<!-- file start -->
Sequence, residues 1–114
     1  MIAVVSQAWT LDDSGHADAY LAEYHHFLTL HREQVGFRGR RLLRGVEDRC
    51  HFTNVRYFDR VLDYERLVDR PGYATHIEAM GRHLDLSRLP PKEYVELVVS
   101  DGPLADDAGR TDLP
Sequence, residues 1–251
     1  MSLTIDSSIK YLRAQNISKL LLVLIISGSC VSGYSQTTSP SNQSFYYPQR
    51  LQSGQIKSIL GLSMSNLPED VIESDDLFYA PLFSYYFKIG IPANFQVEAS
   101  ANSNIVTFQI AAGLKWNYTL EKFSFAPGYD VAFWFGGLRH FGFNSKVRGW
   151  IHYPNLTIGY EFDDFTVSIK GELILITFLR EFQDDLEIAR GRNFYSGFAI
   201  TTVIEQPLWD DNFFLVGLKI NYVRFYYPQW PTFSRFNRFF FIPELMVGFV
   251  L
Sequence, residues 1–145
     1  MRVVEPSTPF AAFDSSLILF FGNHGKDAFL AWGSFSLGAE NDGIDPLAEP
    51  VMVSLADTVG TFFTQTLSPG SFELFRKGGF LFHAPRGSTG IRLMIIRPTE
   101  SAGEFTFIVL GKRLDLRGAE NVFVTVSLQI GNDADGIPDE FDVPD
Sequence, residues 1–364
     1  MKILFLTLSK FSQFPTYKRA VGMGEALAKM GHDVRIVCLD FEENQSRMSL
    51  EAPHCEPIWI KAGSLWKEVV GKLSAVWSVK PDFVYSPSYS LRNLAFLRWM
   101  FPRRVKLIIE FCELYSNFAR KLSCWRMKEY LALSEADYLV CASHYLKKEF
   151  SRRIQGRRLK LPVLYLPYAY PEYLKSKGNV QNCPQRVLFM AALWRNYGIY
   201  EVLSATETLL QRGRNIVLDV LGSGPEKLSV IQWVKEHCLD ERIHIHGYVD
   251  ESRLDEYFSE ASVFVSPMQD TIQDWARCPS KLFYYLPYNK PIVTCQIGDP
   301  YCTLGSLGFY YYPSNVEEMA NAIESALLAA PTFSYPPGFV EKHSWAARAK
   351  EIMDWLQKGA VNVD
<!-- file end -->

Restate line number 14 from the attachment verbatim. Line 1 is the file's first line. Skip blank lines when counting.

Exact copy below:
    51  VMVSLADTVG TFFTQTLSPG SFELFRKGGF LFHAPRGSTG IRLMIIRPTE